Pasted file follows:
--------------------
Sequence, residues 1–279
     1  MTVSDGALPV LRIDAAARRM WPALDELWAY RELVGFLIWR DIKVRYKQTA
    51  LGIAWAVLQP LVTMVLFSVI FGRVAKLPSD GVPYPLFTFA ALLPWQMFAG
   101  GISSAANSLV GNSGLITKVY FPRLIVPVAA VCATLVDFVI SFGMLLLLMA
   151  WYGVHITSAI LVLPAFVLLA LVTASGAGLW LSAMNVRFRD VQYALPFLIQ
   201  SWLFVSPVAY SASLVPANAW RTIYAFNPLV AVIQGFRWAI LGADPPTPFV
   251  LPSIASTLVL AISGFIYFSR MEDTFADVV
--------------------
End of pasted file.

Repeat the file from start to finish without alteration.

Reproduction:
Sequence, residues 1–279
     1  MTVSDGALPV LRIDAAARRM WPALDELWAY RELVGFLIWR DIKVRYKQTA
    51  LGIAWAVLQP LVTMVLFSVI FGRVAKLPSD GVPYPLFTFA ALLPWQMFAG
   101  GISSAANSLV GNSGLITKVY FPRLIVPVAA VCATLVDFVI SFGMLLLLMA
   151  WYGVHITSAI LVLPAFVLLA LVTASGAGLW LSAMNVRFRD VQYALPFLIQ
   201  SWLFVSPVAY SASLVPANAW RTIYAFNPLV AVIQGFRWAI LGADPPTPFV
   251  LPSIASTLVL AISGFIYFSR MEDTFADVV